Let it happen a decade later magic mike opened with $39 million is a happy coincidence. Warner Bros., when it’s on its game, is better than anyone else in Hollywood at turning relatively unconventional biggies into throaty theatrical hits. Supposing Elvis doesn’t drop dead after this opening, and decent reviews, an A- from Cinemascore, and a lack of adult biggies for the rest of the summer suggest it won’t, its strong debut stands alongside Gravity, American Sniper, San Andreas, It, Crazy Rich Asians, Joker and (on a Covid curve) Dunes. If it’s like legs Mama Mia: here we go again (121 million dollars on debut at 35 million dollars), Elvis cracks 100 million dollars in the domestic market. If it’s (less likely but we’ll see) legs like Rocketman ($96 million/$26 million) or Bohemian Rhapsody ($217m/$52m), it will end with $112-125m. Conversely, the legs like Straight outta Compton ($161 million/$60 million) gets the movie from $85 million to $80 million domestic.

universal, including Ted opened with $54 million right next door magic mike ten years ago had the other big start to the weekend. Acclaimed Blumhouse The black phone opened with $23.3 million in its Friday-Sunday domestic debut. Scott Derrickson and C. Robert Cargill’s ’70s chiller, about a kidnapped boy who receives help from the killer’s previous victims, was slated to open in early 2022. However, heavy festival buzz and reviews led Universal to keep the film, adapted from a Joe Hill short story, until this weekend. Credit reviews and word-of-mouth (a solid for B+ Cinemascore horror), plus the Blumhouse brand name and “marquee value” of Scott Derrickson (who helmed Strange, Sinister Doctor and The Exorcism of Emily Rose) and Ethan Hawke (who has been a go-to for all sorts of genre films for decades). Its sinister fantasy horror and gruesome child murders are seen as the kind of fantasy escape we need to distract us from the horrors of the real world.

Legs equal to those of David Sandberg Curfew ($67 million from a debut of $21 million in July 2016) get the movie from $18 million to $70 million domestic, while legs are on par with Fede Álvarez don’t breathe ($89m/$26m) brings it closer to $80m. Guess it could be preloaded like Blumhouse’s terrific (and appreciated) happy day of the dead (which outperformed the opening weekend thanks in part to the Friday the 13th opening and ended with $56 million after a $26 million launch), but I won’t cry The black phone “only” grossing $50 million. It has already grossed $35 million worldwide. It might have been the first weekend since July 2016 where the top five movies all grossed $20 million, but since Pixar Light year crashed and only made $18 million, it’ll have to settle for being the first weekend with four $20 million earners since Thanksgiving weekend in 2018. That’s a problem from Disney, not from Hollywood.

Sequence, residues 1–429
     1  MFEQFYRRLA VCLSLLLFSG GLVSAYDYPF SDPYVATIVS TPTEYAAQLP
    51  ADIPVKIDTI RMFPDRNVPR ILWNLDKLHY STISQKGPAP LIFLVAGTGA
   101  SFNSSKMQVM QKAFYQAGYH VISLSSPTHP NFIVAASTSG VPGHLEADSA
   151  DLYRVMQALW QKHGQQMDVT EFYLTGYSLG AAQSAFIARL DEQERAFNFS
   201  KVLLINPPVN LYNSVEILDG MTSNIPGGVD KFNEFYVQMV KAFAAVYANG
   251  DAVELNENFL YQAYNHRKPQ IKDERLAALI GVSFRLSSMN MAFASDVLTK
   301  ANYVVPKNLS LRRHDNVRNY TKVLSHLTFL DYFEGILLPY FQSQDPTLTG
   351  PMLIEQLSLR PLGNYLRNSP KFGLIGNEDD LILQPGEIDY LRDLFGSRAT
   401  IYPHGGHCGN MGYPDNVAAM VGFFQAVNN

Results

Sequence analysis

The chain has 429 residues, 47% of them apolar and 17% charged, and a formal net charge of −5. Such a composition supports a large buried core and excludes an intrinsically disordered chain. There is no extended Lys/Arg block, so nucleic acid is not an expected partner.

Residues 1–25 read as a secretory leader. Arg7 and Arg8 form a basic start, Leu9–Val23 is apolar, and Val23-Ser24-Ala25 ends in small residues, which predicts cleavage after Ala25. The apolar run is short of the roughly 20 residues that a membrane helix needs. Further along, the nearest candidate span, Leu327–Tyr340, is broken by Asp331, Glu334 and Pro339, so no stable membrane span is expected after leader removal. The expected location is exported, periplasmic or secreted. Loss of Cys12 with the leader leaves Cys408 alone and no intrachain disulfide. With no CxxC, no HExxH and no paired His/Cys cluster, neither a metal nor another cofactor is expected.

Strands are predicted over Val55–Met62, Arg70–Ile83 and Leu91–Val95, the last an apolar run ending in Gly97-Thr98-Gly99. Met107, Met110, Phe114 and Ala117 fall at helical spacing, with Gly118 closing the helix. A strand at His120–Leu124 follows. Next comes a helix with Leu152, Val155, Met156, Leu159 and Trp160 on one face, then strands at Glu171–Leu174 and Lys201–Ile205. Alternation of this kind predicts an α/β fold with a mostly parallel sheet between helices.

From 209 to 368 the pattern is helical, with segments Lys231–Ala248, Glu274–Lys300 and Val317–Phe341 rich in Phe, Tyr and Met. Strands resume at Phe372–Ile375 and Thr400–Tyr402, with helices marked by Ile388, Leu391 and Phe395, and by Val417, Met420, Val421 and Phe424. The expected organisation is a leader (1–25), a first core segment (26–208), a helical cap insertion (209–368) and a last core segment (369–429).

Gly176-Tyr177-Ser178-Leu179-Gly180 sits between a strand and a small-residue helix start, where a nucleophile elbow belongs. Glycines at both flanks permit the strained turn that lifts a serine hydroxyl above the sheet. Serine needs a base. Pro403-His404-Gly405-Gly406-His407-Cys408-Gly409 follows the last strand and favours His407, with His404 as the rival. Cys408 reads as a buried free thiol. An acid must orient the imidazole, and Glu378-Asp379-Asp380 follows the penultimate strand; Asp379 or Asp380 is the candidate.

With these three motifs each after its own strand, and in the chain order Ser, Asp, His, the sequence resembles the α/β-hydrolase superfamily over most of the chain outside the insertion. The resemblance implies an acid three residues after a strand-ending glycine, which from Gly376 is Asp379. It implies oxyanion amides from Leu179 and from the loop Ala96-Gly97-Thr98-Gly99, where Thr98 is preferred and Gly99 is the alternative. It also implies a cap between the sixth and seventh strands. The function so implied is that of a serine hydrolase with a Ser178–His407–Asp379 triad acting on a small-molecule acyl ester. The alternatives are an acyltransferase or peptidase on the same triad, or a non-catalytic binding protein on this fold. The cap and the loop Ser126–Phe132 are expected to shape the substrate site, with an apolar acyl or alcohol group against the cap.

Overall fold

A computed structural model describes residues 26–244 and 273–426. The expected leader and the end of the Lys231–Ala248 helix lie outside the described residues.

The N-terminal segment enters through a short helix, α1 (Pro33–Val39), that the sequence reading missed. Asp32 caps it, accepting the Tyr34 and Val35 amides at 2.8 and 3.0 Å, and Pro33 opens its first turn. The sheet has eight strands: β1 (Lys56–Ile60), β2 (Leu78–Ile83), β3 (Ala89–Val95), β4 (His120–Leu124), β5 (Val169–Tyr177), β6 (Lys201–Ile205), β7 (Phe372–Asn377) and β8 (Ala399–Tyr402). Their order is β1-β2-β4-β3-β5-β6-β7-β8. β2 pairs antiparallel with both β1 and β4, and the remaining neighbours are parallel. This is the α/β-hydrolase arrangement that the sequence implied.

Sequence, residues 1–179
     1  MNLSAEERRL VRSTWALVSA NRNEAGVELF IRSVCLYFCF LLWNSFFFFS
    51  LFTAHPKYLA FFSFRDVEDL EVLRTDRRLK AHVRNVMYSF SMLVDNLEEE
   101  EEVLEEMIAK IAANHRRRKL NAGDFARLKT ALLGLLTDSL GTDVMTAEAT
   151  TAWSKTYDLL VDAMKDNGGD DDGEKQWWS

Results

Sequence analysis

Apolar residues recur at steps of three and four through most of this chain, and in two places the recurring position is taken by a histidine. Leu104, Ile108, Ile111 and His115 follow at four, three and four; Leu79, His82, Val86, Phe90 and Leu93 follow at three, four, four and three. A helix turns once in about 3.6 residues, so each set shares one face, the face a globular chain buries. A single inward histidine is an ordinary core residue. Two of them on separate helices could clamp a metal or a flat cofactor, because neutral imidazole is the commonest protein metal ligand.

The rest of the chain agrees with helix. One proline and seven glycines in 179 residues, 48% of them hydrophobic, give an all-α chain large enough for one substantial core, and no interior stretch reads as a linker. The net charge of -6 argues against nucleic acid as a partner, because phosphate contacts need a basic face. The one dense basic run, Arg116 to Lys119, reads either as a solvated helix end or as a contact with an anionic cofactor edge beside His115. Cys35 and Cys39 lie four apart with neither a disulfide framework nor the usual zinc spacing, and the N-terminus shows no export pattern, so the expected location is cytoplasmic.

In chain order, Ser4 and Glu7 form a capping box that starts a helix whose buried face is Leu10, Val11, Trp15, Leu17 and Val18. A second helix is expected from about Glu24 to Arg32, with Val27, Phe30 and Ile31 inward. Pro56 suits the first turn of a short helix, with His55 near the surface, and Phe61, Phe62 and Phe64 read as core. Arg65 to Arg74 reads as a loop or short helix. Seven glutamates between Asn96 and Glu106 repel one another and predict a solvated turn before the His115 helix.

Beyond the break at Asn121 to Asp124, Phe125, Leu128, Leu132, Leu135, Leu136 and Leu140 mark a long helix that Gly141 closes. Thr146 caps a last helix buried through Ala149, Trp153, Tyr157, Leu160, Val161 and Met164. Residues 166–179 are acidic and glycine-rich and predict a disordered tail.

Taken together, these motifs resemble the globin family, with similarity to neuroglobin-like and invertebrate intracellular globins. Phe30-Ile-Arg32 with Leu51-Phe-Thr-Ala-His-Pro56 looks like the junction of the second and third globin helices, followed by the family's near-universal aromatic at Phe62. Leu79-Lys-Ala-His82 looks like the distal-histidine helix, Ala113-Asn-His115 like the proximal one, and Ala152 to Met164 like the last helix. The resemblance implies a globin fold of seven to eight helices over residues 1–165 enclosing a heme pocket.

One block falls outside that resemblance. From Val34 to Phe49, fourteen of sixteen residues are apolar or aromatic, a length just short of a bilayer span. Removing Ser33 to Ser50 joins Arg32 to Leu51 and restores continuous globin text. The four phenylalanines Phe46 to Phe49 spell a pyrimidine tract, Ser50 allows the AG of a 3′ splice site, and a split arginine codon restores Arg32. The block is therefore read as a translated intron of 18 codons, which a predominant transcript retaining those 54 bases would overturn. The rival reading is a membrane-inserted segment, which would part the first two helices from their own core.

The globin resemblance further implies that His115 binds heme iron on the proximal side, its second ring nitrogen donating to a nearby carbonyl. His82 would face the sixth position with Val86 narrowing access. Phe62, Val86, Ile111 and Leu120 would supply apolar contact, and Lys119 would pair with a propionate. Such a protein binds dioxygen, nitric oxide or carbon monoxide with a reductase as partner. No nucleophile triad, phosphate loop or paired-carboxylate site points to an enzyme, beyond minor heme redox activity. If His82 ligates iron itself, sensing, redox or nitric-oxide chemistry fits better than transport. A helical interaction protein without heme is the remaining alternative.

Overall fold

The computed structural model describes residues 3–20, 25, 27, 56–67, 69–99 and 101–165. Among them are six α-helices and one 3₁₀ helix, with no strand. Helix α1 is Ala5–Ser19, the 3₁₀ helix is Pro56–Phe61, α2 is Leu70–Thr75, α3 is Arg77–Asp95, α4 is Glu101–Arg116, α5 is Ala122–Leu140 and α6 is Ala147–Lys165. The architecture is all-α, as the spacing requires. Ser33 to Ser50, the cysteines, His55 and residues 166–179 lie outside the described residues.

A24 launched Marcel the shod shell in six rooms. The charming and poignant feature adaptation of Dean Fleischer-Camp and Jenny Slate’s YouTube short film series, for which Nick Paley and Elisabeth Holm also receive feature writing credit, grossed $169,606 over the week. -end of opening. That’s an average of $28,267 per theater for the live-action/animated coming-of-age family film. It’s going wide on July 15, and that’s great (my 11-year-old dug it too). I’m curious if it gets a Cinemascore rating when it widens, if only for the comedic value of that real crowd pleaser that sounds like an A and ‘clash’ with the usual mark of A24 (often quite good) “Haven’t you seen an A24 Logo before this feature? ” horror films. My local Regal was packed Friday night with a variety of moviegoers waltzing through various auditoriums. Crazy theory: But if studios release movies in theaters, audiences will go to those theaters and watch those movies.